New Delhi, Nov 23 (Agency) Two Malayalam short films are the only Indian entries at the eighth edition of the Ajyal Film Festival in Doha, Qatar. ‘Shringar’ directed by Doha-based Muhammed Noufal is part of the ‘Made in Qatar’ programme, which celebrates filmmaking in the Gulf country. An accountant from Malappuram district in Kerala, Noufal focuses on child labour in India’s mica mining in his eleven-minute short film. ‘Watchmaker at Time’s End’ directed by Shaheen Sheriff is part of the eight-film ‘Dare to Imagine’ section. The five-minute animated film tells the story of a watchmaker in Kerala struggling to create the perfect watch to keep up with the times.
The Ajyal festival, held during November 18-23 in a hybrid edition due to the coronavirus pandemic, is considered one of the leading film festivals for children’s films in the world. Actor Kunal Kapoor is a special guest at the festival this year. Shot in Doha, ‘Shringar’ is Noufal’s sixth short film. “I was inspired to make the film after a visit to a mica mining centre in Giridih district of Jharkhand two years ago,” says Noufal, who left his home in Perinthalmanna, Malappuram, in 2012 to work in Qatar. “Mica mining is banned in Giridih, but it continues illegally,” explains Noufal. “Women and children mostly make up the workers of these mines. I wanted to tell the story of child labour in India’s mica industry. Mica is used in making cosmetic products,” he adds. ‘The Unjust’ by Noufal had been selected among the ‘Best Five’ entries in a one-minute short film challenge conducted by Doha Film Institute, which organised the Ajyal festival, on the blockade of Qatar by Gulf countries in 2017. “I wrote the story of ‘Shringar’ while quarantined at home after testing positive for coronavirus in May,” says Noufal, who was assistant director in the Malayalam feature film ‘Old is Gold’ (2019) directed by Prakash Kunjan Moorayil.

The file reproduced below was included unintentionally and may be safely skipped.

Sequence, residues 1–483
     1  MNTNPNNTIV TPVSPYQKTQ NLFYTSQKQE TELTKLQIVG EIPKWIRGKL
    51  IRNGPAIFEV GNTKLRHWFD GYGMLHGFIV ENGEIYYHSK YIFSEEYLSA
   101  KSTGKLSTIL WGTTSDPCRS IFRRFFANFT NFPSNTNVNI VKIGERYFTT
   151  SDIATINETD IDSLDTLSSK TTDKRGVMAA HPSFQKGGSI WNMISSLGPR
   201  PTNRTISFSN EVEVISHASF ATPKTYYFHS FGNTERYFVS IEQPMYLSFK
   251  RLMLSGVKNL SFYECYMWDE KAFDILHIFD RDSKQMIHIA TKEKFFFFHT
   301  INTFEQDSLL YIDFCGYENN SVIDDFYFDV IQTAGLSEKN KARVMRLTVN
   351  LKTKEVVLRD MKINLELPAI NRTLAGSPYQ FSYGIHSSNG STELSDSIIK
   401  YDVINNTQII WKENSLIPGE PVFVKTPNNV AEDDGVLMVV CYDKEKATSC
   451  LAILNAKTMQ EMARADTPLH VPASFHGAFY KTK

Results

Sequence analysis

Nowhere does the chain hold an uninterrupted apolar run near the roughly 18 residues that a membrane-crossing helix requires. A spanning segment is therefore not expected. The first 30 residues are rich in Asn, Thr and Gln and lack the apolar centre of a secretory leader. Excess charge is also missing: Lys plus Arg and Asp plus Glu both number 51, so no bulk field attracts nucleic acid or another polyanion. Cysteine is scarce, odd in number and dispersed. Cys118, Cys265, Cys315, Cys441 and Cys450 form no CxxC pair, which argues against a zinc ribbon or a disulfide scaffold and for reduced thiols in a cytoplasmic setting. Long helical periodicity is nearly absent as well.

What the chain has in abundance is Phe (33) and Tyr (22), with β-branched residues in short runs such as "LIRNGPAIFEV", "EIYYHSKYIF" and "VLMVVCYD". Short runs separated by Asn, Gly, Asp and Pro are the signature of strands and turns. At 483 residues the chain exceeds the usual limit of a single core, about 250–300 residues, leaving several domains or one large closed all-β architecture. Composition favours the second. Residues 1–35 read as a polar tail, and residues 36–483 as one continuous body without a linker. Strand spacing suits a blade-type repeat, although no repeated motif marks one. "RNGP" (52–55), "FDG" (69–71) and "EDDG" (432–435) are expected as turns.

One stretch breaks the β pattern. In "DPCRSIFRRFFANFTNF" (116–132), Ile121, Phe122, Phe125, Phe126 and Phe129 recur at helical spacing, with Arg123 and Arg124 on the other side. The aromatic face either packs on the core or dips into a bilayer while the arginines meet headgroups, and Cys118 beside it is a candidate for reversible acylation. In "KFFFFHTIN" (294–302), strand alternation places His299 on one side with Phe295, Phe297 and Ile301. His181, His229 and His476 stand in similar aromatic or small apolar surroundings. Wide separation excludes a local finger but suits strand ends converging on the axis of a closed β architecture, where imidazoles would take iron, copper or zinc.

Set in an unnamed town in Kerala, ‘Watchmaker at Time’s End’ is about a watchmaker’s quest to create the perfect watch. “It took five years to make the film,” says Sheriff, who lives in Kolkata. Born in Doha to Indian immigrant parents, Sheriff graduated in animation and film design at the National Institute of Design (NID), Ahmedabad four years ago. “The story is based on how the shift in lighting during day and night affects daily life,” says Sheriff, who collaborated with five friends to make the animated film in their studio in Kolkata. Vishnu Chandran and Kiran Ravindran, Sheriff’s two batchmates at the NID, are lead characters in the film. “Both Chandran and Ravindran are based in Thrissur, Kerala,” adds Sheriff, who visited several watch shops in Kerala to research for the film. The festival concludes tonight at an awards ceremony held under strict social distancing.